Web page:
Brief descriptionKey ecological features are the parts of the marine ecosystem that are considered to be of importance for a marine region's biodiversity or ecosystem function and integrity.
Key ecological features (KEFs) meet one or more of the following criteria:
1. a species, group of species, or a community with a regionally important ecological role (e.g. a predator, prey that affects a large biomass or number of other marine species);
2. a species, group of species, or a community that is nationally or regionally important for biodiversity;
3. an area or habitat that is nationally or regionally important for:
a) enhanced or high productivity (such as predictable upwellings - an upwelling occurs when cold nutrient-rich waters from the bottom of the ocean rise to the surface);
b) aggregations of marine life (such as feeding, resting, breeding or nursery areas);
c) biodiversity and endemism (species which only occur in a specific area); or
4. a unique seafloor feature, with known or presumed ecological properties of regional significance.
KEFs have been identified by the Australian Government on the basis of advice from scientists about the ecological processes and characteristics of the area. A workshop held in Darwin in 2007 also contributed to this scientific advice and helped to underpin the identification of key ecological features.
As new information becomes available, the spatial representations of identified key ecological features will continue to be refined and updated.
Sixteen KEFs have been identified in the South-west Marine Region:
1. Commonwealth marine environment surrounding the Houtman Abrolhos Islands
2. Perth Canyon and adjacent shelf break, and other west coast canyons
3. Commonwealth marine environment within and adjacent to the west coast inshore lagoons
4. Commonwealth marine environment within and adjacent to Geographe Bay
5. Cape Mentelle upwelling
6. Naturaliste Plateau
7. Diamantina Fracture Zone
8. Albany Canyons group and adjacent shelf break
9. Commonwealth marine environment surrounding the Recherche Archipelago
10. Ancient coastline at 90-120 m depth
11. Kangaroo Island Pool, canyons and adjacent shelf break, and Eyre Peninsula upwellings.
12. Meso-scale eddies (points).
13. Western demersal slope and associated fish communities.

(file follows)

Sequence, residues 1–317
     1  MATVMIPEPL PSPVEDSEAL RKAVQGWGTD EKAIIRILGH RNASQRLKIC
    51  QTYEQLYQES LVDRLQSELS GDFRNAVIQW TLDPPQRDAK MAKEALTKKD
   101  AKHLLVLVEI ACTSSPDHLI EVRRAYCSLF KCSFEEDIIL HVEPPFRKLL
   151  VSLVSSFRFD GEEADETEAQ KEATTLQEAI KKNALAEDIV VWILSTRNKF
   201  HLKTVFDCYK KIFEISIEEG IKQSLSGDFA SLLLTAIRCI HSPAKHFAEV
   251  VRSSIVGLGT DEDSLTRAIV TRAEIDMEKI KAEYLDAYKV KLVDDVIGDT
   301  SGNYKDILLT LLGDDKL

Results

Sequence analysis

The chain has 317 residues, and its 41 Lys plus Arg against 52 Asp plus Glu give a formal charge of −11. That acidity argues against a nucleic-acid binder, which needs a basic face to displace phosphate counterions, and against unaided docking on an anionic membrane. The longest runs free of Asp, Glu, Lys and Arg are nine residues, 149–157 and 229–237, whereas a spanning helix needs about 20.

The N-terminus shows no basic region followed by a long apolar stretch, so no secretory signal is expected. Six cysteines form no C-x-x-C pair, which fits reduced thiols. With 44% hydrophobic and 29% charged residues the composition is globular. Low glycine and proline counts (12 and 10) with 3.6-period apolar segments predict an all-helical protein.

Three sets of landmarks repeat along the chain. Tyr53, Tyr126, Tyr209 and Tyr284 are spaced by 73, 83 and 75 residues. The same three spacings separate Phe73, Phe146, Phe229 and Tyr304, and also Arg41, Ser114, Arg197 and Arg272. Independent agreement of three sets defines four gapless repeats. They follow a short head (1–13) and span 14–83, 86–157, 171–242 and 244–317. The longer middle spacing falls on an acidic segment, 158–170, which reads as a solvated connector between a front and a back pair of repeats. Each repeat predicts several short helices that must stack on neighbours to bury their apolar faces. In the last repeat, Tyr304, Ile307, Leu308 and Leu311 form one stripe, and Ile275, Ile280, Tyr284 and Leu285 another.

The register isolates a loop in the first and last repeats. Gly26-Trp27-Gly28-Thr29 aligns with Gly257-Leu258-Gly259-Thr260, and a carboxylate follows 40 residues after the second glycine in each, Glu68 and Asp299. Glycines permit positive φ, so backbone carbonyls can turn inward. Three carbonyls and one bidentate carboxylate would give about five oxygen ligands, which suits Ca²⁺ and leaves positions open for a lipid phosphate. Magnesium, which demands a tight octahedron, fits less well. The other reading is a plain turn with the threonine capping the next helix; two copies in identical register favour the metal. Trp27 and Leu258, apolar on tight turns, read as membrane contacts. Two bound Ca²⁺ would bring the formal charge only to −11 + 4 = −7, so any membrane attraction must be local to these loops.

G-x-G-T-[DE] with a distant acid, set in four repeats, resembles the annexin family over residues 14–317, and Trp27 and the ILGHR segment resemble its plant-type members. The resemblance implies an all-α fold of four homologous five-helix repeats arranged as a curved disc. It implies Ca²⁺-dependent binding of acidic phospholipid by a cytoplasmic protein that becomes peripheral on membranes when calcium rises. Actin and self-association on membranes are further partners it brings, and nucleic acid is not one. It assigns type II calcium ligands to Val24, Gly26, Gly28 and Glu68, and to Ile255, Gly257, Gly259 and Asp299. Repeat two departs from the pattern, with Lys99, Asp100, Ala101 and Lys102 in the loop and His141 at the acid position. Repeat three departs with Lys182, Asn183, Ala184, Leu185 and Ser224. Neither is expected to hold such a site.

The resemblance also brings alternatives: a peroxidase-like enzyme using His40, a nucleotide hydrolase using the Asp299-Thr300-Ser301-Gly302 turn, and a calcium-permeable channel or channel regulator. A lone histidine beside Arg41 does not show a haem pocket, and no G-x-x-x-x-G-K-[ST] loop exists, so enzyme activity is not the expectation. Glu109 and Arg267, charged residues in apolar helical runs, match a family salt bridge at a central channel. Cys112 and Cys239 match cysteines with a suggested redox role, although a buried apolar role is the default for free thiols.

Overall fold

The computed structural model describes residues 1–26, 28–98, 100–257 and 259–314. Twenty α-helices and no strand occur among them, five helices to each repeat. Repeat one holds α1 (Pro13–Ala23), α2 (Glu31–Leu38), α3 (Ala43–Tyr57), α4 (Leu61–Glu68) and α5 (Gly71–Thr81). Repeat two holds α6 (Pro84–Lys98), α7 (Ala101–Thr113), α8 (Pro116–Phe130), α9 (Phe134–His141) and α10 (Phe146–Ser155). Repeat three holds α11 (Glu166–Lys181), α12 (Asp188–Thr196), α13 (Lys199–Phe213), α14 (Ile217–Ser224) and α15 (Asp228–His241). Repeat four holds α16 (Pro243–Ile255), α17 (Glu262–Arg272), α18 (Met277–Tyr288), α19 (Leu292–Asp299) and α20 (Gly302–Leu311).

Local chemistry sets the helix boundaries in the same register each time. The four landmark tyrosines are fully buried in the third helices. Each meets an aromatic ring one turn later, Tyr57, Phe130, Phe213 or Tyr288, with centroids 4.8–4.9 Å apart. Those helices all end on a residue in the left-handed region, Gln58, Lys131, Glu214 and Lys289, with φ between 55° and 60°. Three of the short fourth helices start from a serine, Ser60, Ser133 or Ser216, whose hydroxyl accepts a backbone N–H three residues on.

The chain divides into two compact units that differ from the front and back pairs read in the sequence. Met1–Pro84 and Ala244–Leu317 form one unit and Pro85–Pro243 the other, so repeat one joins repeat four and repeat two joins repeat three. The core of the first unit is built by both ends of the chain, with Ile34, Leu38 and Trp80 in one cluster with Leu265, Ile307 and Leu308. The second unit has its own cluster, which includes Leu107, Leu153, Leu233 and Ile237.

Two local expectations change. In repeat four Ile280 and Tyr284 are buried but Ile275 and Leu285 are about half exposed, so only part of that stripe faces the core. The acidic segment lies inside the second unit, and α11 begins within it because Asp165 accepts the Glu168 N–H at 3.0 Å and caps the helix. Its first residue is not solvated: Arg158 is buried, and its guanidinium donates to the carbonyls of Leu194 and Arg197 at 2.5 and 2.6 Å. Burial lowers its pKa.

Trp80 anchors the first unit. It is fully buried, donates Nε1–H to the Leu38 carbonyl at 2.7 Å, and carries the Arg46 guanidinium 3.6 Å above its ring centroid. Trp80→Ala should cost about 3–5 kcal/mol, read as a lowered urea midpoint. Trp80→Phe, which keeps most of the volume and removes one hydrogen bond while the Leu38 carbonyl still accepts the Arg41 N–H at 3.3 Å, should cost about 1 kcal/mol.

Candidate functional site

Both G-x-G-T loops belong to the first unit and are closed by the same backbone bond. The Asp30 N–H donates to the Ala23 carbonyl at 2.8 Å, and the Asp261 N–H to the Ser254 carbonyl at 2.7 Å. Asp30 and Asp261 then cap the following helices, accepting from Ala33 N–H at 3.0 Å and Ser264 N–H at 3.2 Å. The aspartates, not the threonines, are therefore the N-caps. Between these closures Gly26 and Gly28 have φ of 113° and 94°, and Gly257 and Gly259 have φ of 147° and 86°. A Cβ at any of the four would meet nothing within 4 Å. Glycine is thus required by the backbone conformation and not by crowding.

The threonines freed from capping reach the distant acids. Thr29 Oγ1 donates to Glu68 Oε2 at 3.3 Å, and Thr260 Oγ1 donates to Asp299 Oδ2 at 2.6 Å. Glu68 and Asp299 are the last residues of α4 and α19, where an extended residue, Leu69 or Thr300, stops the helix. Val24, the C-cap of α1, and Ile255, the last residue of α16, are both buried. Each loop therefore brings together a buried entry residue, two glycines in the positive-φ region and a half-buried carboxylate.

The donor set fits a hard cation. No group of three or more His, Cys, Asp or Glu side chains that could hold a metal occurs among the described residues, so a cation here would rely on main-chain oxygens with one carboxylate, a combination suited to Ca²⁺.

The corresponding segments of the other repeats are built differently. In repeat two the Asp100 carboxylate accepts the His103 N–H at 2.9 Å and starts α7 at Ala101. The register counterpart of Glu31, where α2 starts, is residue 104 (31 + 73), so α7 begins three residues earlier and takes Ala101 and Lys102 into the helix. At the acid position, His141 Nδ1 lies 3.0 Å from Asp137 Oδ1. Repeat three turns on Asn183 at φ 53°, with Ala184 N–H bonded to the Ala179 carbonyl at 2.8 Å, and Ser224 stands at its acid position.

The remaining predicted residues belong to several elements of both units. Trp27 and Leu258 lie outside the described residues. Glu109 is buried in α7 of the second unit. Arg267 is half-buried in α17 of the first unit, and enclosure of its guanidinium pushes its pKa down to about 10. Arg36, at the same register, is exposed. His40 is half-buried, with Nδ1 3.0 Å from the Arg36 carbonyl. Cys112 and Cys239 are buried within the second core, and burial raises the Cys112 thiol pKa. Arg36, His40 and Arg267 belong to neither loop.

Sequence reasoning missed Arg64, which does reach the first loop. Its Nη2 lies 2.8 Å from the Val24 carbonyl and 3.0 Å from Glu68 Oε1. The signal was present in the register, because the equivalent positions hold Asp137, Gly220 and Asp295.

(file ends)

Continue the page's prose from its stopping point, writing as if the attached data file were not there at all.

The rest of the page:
14. Western rock lobster.
15. Benthic invertebrate communities of the eastern Great Australian Bight. No spatial representation available.
16. Small pelagic fish of the South-west Marine Region. No spatial representation available.
Thirteen KEFs have been identified in the North-west Marine Region:
1. Ancient coastline at 125 m depth contour
2. Ashmore Reef and Cartier Island and surrounding Commonwealth waters
3. Canyons linking the Argo Abyssal Plain and Scott Plateau
4. Canyons linking the Cuvier Abyssal Plain and the Cape Range Peninsula
5. Carbonate bank and terrace system of the Sahul Shelf
6. Commonwealth waters adjacent to Ningaloo Reef
7. Continental Slope Demersal Fish Communities
8. Exmouth Plateau
9. Glomar Shoals
10. Mermaid Reed and Commonwealth waters surrounding the Rowley Shoals
11. Pinnacles of the Bonaparte Basin
12. Seringapatam Reef and Commonwealth waters in the Scott Reef Complex
13. Wallaby Saddle
Eight KEFs have been identified in the North Marine Region:
1. Carbonate bank and terrace system of the Van Diemen Rise
2. Shelf break and slope of the Arafura Shelf
3. Tributary canyons of the Arafura Depression
4. Gulf of Carpentaria basin
5. Gulf of Carpentaria coastal zone
6. Plateaux and saddle north-west of the Wellesley Islands
7. Pinnacles of the Bonaparte Basin
8. Submerged coral reefs of the Gulf of Carpentaria
Three KEFs have been identified in the Coral Sea:
1. Tasmantid seamount chain
2. Reefs, cays and hebivorous fish of the Queensland Plateau
3. Reefs, cays and hebivorous fish of the Marion Plateau
Eight KEFs were identified in the Temperate East marine Region:
1. Tasmantid seamount chain
2. Lord Howe seamount chain
3. Norfolk Ridge
4. Canyons on the eastern continental slope
5. Shelf rocky reefs
6. Elizabeth and Middleton reefs
7. Upwelling off Fraser Island
8. Tasman Front and eddy field
Eight KEFs were identified in the South-east Marine Region.
1. Seamounts, east and south of Tasmania
2. West Tasmanian canyons
3. Bonney coast upwelling
4. Upwelling east of Eden
5. Big Horseshoe canyon
6. East Tasmania tropical convergence zone. No spatial representation available
7. Bass cascade. No spatial representation available
8. Shelf rocky reefs and hard substrate. No spatial representation available
In order to create a spatial representation of KEFs for each Marine Region, some interpretation of the information was required. DSEWPaC has made every effort to use the best available spatial information and best judgement on how to spatially represent the features based on the scientific advice provided. This does not preclude others from making their own interpretation of available information.
NotesKey Ecological Features, Copyright Commonwealth of Australia, Australian Government Department of the Environment, 2015
171.78268,-8.88188 171.78268,-46.68987 109.23348,-46.68987 109.23348,-8.88188 171.78268,-8.88188
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